Wednesday, April 26, 2017

Protocol Zero by James Abel

Published in 2015, I found this in a free bin at the local library last year.  Read it with fascination in March-April.  Never have read anything else by this author.  This paperback of uncorrected proof for limited distribution is 356 pages.  It is a different intrigue, horrifying at times with the main character,  USMarine doctor and bioterrorism expert, Colonel Joe Rush.  Based in Arctic Alaska, Barrow and the northern slope environmental concerns, natives in conflict with  the  visiting scientists and an apocalyptic plague kept me turning the pages.  Opening sentences:  "The police chief's emergency call had to bounce off three satellites to reach me.  The first --  over Russia-- was snapping photos of their paratroops by the North Pole, on maneuvers.  The second--over Arctic Canada-- watched a US attack submarine testing weapons, surfacing in ice.  The last one was directly overhead above northern Alaska.  North Slope Police Chief Merlin Toovik's voice came in loud and clear from nine miles away.  " I need help, Colonel"  I stood, breath frosting at the end of North america on a twenty foot high grass bluff overlooking the Arctic Ocean, a Mossberg shotgun over my back, in case polar bears showed up.  Fire in the air, they usually turn away."   4**** only because  some of the more technical terms and bloodiness were  frustrating to me.  But I never guessed what was really going on and  felt this would be an outstanding movie.  

By Elizabeth George A Great Deliverance

Another paperback, first published in 1988, but  one I did not read until March 2017, 413 pages large print.  Another one I hated to put down. With the same characters of  Scotland Yard Inspector Thomas Lynley and Detective Sergeant Barbara Havers, this mystery winds through the Keldale countryside, the old Keldale Abbey where in the past Yorkshire villagers had hidden to escape Cromwell's ravages.  There is a legend about the crying baby that will be repeated by locals.  This mystery is a bit different and  touches on years of child abuse.  It is sickening at times, but  nonetheless a great read. 5*****

http://www.elizabethgeorgeonline.com/books/a_great_deliverance.htm

The author's website contains a far superior  synopsis to the book than I could manage to write.  "A baby's cry echoes on lonely nights through alley in Yorkshire. Three hundred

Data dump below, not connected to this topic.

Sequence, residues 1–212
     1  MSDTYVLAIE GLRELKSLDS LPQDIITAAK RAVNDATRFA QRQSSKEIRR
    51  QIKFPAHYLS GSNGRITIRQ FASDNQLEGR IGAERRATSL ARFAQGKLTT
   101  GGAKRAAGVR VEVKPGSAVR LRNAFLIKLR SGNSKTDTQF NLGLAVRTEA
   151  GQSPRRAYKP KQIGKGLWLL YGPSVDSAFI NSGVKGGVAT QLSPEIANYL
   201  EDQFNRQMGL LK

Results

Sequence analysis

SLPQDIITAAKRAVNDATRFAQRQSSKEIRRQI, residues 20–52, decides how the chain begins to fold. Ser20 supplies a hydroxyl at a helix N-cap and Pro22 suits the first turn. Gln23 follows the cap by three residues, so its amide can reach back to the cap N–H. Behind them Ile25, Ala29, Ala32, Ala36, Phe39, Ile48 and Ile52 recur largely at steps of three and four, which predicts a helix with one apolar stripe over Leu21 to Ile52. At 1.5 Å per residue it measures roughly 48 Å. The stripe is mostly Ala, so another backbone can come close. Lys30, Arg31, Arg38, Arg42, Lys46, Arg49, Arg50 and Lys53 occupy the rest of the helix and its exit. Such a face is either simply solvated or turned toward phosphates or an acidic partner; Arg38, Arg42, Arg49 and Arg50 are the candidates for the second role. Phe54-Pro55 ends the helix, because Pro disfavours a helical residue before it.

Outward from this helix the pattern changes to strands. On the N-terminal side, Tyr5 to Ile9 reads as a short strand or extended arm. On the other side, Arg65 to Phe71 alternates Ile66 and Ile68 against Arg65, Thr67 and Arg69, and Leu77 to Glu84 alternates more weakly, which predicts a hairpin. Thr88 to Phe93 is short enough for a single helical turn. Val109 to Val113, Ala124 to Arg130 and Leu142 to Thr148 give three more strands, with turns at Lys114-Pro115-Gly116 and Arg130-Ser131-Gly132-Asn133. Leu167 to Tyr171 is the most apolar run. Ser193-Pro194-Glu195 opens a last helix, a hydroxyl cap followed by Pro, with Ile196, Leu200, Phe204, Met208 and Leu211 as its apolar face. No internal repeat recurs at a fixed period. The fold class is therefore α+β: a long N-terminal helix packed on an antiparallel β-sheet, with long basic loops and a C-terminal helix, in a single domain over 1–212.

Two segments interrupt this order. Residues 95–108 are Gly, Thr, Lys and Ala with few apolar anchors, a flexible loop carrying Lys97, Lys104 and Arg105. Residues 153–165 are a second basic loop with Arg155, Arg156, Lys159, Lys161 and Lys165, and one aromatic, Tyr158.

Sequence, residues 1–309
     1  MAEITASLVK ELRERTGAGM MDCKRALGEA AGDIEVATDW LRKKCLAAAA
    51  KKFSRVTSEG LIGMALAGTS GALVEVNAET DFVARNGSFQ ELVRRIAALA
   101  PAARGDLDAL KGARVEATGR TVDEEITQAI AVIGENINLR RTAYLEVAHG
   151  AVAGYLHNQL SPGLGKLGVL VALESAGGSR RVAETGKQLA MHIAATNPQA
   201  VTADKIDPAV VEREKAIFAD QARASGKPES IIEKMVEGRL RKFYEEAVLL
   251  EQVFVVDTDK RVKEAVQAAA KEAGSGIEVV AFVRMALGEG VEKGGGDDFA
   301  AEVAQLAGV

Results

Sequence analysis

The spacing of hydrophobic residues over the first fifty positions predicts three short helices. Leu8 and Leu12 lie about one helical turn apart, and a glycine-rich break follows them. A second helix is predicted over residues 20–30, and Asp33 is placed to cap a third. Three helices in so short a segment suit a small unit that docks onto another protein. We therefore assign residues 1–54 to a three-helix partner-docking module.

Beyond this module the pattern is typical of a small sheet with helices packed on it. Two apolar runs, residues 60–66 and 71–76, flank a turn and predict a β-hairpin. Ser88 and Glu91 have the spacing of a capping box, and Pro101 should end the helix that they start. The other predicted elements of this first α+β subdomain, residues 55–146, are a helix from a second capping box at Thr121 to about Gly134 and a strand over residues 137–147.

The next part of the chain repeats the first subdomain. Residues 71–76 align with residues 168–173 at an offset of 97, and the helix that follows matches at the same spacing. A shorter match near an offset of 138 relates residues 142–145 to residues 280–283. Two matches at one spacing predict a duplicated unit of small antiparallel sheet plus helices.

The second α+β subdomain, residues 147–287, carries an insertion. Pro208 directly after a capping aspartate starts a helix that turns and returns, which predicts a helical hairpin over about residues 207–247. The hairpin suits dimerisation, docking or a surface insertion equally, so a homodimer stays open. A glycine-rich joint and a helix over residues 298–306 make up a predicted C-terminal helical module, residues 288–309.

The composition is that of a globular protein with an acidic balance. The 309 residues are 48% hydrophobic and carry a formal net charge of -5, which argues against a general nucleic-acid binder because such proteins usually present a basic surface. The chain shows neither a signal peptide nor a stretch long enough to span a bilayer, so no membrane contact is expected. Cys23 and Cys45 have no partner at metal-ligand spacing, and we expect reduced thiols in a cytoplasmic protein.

By Elizabeth George Deception on His Mind

An old one published in 1997,  1998 but just read in January this
 paperback, 716 pages.  First sentences:  "To Ian Armstrong, life had begun its current downward slide the moment he'd been made redundant.  He'd known when he'd been offered the job that it was only a temporary appointment.  "
First Page





Another great read by the author.  In this Sgt. Barbara Havers is on leave, but manages to engage herself in the trials of her Pakistani neighbor and his young daughter,  using the guise of vacation.  Landing smack into the  Pakistani  issues in a developing resort community, Sgt. Havers  delves into the  concerns using her friendship with Inspector  Emily Barlow to work on the investigation of a murder. The characters range from activist Pakistani's,  local long time residents of the town, craftsmen and jewelry makers, and more.  I read this in January.  5 *****

The following is copied from the author's website:  http://www.elizabethgeorgeonline.com/books/deception_on_his_mind.htm

Balford-le-Nez is dying seatown on the coast of Essex. But when a member of the town's small but growing Asian community is found dead near its beach, the sleepy town ignites with unrest. Intrigued by the involvement of her London neighbor-Taymullah Azhar-in what appears to be a potential racial conflagration, Detective Sergeant Barbara Havers takes off for the town of Balford-le-Nez and discovers at the head of the investigation Detective Chief Inspector Emily Barlow, an officer whom Havers has long known.

During the course of the investigation, Havers discovers the social differences between the English and Pakistani communities in England, and she experiences first hand the racial divide that separates people whose cultures are like polar extremes.